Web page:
08 Jul Reverse Mortgages in Canada
Many Canadians are reaching their retirement years with a paid off house, but not enough money in the bank. For many of these homeowners, the answer to maintaining their lifestyle might just be a reverse mortgage.
As defined by Investopedia, a reverse mortgage is “a type of mortgage in which a homeowner can borrow money against the value of his or her home. No repayment of the mortgage (principal or interest) is required until the borrower dies or the home is sold.”
The amount of a reverse mortgage loan is usually conservative – lenders won’t let homeowners borrow more than about 50 percent of the property’s value.
Homeowners can structure their reverse mortgage in a few different ways. Some choose to receive a large lump sum; others prefer regular monthly payments. It’s also possible to do a combination of the two. This flexibility allows property owners to access their equity in a way that works for them.
Let’s look at an example to see how a reverse mortgage works. Don and Sally are ready to retire. Their home, in the outskirts of Toronto, is worth about $600,000 and is paid in full. They do, however, owe about $20,000 on their line of credit for a recent kitchen remodel. They worry about not having enough to retire, since they weren’t able to save much money during their working years – all of their funds went to their high mortgage payments.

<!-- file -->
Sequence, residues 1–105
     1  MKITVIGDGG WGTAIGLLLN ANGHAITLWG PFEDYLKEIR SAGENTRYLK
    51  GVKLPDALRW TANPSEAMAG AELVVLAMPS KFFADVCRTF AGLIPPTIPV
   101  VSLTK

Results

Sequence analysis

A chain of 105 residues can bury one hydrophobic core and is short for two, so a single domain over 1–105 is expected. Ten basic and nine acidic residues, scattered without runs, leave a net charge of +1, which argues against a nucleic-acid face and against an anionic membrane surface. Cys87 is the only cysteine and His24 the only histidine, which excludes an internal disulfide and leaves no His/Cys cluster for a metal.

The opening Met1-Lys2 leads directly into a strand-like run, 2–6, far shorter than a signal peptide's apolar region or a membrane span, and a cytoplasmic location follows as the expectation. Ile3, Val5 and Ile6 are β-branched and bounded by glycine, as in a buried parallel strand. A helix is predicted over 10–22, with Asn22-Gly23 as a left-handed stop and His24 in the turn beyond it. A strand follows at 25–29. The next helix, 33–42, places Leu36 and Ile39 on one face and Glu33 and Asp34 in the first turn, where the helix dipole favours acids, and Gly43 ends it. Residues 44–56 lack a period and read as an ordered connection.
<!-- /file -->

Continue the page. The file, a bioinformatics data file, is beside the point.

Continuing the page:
Our couple decides they would like to use some of the equity in their home to help them in retirement. They take out a reverse mortgage. They get an upfront lump sum of $40,000 to pay off their line of credit and buy a new car. They then request an additional $1,000 each and every month, which they can use however they please. When added to their CPP, Old Age Security pensions and Don’s small company pension, Don and Sally foresee being able to maintain a similar style of living as they did before retiring… only they no longer need to go to work every morning!
A reverse mortgage can be used for many reasons. In Canada, it’s most often used by seniors, looking to increase their retirement income without having to sell their home. Other popular reasons for this type of loan are to pay for renovations, pay off existing debt, buy a cottage or travel.
Since homeowners don’t make monthly reverse mortgage payments, they don’t have to include the expense in their budget. No need to stress or worry about paying back the loan. While still alive, a reverse mortgage and the accumulated interest would only be paid back if the homeowners sell their home. In most cases, there is still a significant amount of money left over after the sale. This is due to the conservative loan amount and the potential appreciation of the property.
A second mortgage lets owners keep control of where they live. They can choose to continue living in their current home for as long as they wish. They can also choose to sell it to downsize or become a snowbird. For many Canadians, a reverse mortgage can open up a world of possibilities.